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Adam Tugwell: The Flooding aftermath – a view from Tewkesbury

Tugwell_2 Adam Tugwell, a Conservative Councillor in Tewkesbury, describes how local Conservatives got stuck in and helped deliver water to flooded residents.

Friday 20th July in Tewkesbury started pretty normally, other than the fairly consistent and heavy rain which was hammering away outside my office window. By 5pm, lying water in the nearby fields was foretelling a new story for Gloucestershire which didn’t really hit home until I left work. Facing a growing traffic jam into the Town, I decided to use the lanes. Fortunately for me, I was driving my 4x4 pick up and when I found myself in near 18 inches of water, I was promptly able to retrace my steps and enjoy the hour long queue to get home on what is normally a three minute journey.

The real scale of what had happened during a day of incessant rain didn’t become clear until I left to assist my staff with newspaper distribution at 6.30 the following day; Tewkesbury was cut off by as much as a 6ft moat in some places and the devastation that I witnessed around the whole area was akin to a scene from the recent Tom Cruise remake of War of The Worlds – the only aliens in this picture being the many people who had been travelling the M5 and had been stranded in the area overnight.

We couldn’t quite believe what we were seeing and I stood for a good while, quietly located in the middle of what is normally a bustling A-road  leading to the centre of the Town, observing Gloucestershire Fire and Rescue launching a speed boat from the white line of a light controlled road junction.

That morning, I became aware of the probable loss of the first of three local lives as a result of the floods and their aftermath and we all quietly hoped that there will be no more.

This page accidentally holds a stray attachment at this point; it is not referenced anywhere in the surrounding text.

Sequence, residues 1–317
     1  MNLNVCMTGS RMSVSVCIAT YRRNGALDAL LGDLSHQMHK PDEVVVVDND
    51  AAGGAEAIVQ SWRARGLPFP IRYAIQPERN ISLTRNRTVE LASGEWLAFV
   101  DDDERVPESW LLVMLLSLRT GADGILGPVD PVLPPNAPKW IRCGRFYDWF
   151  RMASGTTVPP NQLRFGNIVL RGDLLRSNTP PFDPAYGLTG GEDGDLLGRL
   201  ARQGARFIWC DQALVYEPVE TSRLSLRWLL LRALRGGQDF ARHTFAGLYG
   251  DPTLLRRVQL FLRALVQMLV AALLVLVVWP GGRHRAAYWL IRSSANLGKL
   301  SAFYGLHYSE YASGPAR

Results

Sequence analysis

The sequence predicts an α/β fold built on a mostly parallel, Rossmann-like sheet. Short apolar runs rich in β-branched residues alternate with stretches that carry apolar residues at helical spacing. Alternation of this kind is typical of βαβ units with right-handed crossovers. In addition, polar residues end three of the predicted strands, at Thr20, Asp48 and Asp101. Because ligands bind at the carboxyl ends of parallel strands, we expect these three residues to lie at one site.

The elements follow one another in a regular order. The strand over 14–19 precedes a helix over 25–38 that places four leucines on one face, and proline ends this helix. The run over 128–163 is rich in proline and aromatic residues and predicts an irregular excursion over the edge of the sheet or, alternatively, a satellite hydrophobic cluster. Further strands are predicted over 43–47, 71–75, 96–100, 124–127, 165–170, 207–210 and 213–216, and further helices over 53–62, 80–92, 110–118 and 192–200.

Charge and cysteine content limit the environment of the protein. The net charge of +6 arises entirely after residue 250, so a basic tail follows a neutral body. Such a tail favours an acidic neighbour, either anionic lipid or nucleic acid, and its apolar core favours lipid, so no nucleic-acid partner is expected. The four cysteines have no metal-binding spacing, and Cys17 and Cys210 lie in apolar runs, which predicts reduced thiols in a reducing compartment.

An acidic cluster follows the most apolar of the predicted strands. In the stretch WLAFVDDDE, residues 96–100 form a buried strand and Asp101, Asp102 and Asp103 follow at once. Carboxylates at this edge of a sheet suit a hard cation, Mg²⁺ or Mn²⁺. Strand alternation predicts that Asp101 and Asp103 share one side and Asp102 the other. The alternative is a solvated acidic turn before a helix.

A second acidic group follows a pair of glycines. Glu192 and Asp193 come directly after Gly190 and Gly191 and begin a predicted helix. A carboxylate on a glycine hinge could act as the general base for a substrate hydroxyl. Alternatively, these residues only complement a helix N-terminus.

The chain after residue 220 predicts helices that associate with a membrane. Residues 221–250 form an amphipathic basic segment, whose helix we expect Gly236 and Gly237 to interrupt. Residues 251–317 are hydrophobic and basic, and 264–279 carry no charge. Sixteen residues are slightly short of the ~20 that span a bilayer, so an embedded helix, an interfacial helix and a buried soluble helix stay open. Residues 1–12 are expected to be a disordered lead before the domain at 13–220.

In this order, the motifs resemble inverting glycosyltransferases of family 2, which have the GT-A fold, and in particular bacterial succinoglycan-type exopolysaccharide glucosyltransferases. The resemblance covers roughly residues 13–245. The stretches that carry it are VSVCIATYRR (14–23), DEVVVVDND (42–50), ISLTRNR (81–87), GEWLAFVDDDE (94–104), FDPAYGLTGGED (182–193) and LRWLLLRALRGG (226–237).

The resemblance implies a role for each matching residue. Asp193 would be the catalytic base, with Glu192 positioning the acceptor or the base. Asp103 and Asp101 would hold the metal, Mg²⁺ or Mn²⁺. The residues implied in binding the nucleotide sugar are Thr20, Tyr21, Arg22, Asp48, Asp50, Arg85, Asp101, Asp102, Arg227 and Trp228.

Tewkesbury often floods and at this point, many thought it would just be a few days and the whole thing would be behind us. What I didn’t expect the following morning was the news that the water supply had been effected and that we needed to get some bottled water as quickly as possible. I’m not sure that anyone really knew what to make of the whole experience at this point. At the local pub, many families had chosen to have an evening out as a way of enjoying the enforced holiday which had come about by the lack of immediate access to the road network.


This went into Monday, and it wasn’t until later in the afternoon that I had my first call from one of my Ward residents who didn’t know what to do about getting water. I just told them I would call them back and called the Council Offices to find out what we had. The response was along the lines of ‘We have water here, but no transport at the moment’. So, I jumped into my pick-up and off I went. 8 days later, the addition of a trailer and Cllr Tugwell’s water bottle distribution operation is now a part of daily life!!!

During the past week, the events which have taken place have brought out the absolute best in some and the horrifying worst in others. Politicians, I count amongst this number (although I am pleased to say that none have as yet been caught urinating into water bowsers…)